Jun 02 2008

Intro to Cross Country Flight

Category: LessonsDaniel @ 11:00 pm

This past Saturday I had the opportunity to fly what I’ll call a mini cross country flight. My CFI and I didn’t have enough time to plan and fly a full cross country flight (greater than 50 nm away), but we didn’t want to waste the gorgeous weather. So, we decided to do a 5-leg circle around some of the local airports to give me a flavor of the techniques and skills necessary for a true cross-country flight. Our plan was to depart Westosha and head over to Racine, then East Troy, Lake Lawn, Grand Geneva, and back to Westosha. All in all, it would be over 80 nm round trip.

The trip was a lot of fun, and was really my first flight where I got to navigate to places other than Burlington (which is very close to Westosha). There was a fair amount of wind that day (as Todd even notes in his blog)…so the landings were very challening since all these airports didn’t have many choices that avoided some sort of crosswind. I was quite satisfied, though, that every landing was very smooth (even with the crosswinds). We used general visual navigation and dead reckoning techniques and didn’t need to utilize VOR radials for such short flights. We’ll utilize that sort of navigation on my next true cross country which should hopefully be next weekend.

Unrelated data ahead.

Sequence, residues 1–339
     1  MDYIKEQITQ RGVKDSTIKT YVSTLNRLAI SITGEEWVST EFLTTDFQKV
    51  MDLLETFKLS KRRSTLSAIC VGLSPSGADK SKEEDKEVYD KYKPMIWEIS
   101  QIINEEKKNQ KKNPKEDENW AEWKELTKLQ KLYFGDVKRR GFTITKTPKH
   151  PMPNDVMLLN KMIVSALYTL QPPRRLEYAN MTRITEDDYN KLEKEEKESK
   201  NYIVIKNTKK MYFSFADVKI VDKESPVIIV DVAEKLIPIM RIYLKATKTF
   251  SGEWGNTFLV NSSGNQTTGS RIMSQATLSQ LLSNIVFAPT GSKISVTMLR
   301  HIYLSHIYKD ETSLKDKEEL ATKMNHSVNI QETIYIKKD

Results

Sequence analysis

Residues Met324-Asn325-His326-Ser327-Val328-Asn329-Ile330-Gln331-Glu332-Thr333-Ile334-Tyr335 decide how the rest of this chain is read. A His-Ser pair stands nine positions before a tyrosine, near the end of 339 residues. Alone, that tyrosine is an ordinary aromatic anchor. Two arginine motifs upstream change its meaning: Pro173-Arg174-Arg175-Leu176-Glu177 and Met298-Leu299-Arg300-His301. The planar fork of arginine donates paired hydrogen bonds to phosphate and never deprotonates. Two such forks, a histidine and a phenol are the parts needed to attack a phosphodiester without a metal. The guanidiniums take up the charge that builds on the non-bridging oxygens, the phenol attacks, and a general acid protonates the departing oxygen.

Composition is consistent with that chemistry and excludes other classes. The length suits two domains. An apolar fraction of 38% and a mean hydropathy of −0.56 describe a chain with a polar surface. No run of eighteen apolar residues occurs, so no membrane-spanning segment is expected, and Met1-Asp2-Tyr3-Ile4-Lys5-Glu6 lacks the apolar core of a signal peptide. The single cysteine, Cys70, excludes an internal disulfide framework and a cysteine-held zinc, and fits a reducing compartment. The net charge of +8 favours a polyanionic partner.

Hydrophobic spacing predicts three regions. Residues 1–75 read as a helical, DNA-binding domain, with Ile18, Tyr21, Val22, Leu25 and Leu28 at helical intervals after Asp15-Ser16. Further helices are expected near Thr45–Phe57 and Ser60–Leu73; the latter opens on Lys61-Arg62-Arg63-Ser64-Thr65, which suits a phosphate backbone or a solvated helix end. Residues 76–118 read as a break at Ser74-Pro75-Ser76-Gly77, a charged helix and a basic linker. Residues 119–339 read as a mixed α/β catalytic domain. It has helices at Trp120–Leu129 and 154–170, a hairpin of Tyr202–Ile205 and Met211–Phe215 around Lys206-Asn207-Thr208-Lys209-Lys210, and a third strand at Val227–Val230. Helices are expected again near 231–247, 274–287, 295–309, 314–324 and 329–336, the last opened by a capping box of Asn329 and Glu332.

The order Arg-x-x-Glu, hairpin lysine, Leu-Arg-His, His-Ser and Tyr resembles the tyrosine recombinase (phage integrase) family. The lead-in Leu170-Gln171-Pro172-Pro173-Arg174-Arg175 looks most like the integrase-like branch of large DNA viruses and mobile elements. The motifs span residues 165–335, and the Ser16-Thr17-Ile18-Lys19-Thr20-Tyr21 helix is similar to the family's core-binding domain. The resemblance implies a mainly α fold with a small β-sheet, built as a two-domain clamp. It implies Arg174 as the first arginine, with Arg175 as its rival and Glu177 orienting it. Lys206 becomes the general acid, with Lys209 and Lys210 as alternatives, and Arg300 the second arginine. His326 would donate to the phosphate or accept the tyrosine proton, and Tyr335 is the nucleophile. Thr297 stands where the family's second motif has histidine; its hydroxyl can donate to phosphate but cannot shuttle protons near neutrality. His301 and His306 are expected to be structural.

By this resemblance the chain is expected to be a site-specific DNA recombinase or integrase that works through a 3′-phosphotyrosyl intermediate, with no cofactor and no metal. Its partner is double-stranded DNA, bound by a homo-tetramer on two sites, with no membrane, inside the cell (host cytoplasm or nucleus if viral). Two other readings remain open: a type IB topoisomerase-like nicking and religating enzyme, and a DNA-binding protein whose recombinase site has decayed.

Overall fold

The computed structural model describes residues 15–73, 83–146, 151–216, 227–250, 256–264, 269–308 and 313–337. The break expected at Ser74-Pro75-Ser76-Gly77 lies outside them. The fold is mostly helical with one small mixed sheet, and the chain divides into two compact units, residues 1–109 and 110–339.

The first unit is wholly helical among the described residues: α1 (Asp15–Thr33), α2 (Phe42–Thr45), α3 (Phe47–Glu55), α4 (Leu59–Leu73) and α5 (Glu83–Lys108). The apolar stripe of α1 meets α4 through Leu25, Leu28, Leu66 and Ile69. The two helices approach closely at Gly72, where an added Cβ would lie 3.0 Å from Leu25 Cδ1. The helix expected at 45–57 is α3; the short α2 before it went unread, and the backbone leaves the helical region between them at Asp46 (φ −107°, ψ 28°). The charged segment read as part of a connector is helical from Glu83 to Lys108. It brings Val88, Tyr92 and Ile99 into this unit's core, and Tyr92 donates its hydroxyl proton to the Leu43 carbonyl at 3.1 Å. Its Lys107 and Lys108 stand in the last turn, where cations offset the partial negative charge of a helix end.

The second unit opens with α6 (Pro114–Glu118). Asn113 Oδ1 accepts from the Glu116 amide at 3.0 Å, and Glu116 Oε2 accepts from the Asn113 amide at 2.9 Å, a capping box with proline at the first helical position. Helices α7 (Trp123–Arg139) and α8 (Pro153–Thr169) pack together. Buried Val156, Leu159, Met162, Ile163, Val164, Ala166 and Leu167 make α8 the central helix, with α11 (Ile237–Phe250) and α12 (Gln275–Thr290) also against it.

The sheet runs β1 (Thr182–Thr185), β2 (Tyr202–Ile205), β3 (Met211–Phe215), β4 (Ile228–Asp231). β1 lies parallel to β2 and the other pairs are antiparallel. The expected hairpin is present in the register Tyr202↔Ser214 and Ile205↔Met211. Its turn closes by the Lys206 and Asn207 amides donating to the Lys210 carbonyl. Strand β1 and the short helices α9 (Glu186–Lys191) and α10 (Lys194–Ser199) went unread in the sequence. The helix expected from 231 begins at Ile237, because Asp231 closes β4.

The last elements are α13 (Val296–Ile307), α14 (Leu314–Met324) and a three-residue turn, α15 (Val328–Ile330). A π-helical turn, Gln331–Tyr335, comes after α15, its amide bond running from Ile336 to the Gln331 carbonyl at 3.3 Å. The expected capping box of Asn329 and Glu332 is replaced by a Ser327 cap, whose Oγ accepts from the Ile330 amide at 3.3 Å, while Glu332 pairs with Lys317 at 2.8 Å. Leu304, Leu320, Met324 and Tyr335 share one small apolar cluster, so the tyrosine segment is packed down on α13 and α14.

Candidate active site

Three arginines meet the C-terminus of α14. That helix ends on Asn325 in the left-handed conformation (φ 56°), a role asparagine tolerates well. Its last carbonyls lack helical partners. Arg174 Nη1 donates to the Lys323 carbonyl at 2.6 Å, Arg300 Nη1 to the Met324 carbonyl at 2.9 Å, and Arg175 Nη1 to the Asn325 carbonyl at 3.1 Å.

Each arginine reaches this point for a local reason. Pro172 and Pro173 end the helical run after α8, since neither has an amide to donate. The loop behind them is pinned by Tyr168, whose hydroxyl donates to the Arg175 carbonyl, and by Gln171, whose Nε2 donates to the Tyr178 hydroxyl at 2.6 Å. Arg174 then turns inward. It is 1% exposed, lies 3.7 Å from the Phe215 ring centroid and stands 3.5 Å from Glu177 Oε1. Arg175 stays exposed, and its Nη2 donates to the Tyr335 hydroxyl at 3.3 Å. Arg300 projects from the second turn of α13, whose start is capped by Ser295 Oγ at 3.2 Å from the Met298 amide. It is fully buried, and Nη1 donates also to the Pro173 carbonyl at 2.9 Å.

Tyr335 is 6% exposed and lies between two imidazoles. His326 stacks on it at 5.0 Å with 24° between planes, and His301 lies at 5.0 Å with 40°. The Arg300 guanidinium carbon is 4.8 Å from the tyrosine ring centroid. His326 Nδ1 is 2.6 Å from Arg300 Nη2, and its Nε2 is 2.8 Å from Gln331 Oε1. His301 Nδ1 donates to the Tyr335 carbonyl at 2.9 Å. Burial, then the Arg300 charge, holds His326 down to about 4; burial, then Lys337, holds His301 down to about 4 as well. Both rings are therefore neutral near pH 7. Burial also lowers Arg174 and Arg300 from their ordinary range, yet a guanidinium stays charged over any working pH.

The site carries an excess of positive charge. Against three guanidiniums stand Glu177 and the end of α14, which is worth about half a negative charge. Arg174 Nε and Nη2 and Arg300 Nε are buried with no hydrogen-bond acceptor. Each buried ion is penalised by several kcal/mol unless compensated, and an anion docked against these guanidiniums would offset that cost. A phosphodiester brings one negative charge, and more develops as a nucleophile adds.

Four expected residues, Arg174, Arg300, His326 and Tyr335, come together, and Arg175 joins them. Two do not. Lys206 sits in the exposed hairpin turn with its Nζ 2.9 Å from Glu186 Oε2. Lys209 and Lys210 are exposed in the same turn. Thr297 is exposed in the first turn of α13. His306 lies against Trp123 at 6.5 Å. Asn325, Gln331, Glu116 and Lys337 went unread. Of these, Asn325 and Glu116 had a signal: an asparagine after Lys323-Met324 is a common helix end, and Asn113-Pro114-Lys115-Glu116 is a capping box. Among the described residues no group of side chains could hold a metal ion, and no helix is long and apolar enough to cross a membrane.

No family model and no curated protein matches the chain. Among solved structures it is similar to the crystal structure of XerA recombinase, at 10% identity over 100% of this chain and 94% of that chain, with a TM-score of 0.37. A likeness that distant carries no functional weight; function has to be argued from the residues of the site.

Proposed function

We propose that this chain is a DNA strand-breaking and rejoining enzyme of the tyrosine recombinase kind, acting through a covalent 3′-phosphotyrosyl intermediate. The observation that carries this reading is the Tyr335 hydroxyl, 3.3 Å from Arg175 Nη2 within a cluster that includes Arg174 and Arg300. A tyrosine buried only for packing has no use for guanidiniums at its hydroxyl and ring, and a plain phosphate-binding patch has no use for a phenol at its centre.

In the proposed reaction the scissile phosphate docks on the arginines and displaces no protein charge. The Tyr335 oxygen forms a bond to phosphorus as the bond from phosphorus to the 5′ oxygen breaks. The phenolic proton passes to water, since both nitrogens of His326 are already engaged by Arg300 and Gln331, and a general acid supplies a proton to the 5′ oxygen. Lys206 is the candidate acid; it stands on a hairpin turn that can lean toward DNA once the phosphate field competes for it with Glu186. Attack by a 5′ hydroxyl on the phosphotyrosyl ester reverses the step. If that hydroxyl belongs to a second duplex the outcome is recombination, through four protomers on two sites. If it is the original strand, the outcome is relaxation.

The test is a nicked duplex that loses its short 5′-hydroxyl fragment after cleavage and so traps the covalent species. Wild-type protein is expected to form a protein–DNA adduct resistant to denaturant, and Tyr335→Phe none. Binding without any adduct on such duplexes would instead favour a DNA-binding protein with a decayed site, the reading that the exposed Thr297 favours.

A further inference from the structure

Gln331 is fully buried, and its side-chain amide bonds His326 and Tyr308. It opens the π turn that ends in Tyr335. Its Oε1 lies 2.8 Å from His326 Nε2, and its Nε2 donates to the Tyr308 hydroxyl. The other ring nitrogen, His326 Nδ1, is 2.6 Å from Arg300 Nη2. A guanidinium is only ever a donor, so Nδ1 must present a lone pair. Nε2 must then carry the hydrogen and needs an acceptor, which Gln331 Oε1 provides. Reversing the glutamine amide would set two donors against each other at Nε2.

I’m off to various parts of the country for work this week and although I’ll be in planes a lot, I won’t have the opportunity to pilot (unless United and the FAA change their rules). I can’t wait until next week!

This lesson I logged 1.7 hours.

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2 Responses to “Intro to Cross Country Flight”

  1. Todd says:

    Does the plane you are training in have GPS? I recommend not turning it on for a few of your cross country flights. I found whenever I flew cross country flights during my training that had GPS or Loran I cheated more. I am glad that much of my training came in a Cessna 152 that had no fun gadgetry and required me to get more comfortable with the VORs, Dead Reckoning and pilotage.

    Sounds like a fun flight and I am sure you did have your fair share of crosswinds as some of those airports look like they were oriented perpendicular to the wind.

    Good luck next weekend. Have you decided where to plan your first official cross country?

  2. Dan says:

    I train in a Cessna 152 as well (a 1981 usually)…so there’s no GPS or Loran. I could totally understand the possibility of “cheating” but I’m glad that’s not even an option for me!

    I haven’t decided yet where to fly on my first official cross country…but I’ll figure it out soon!

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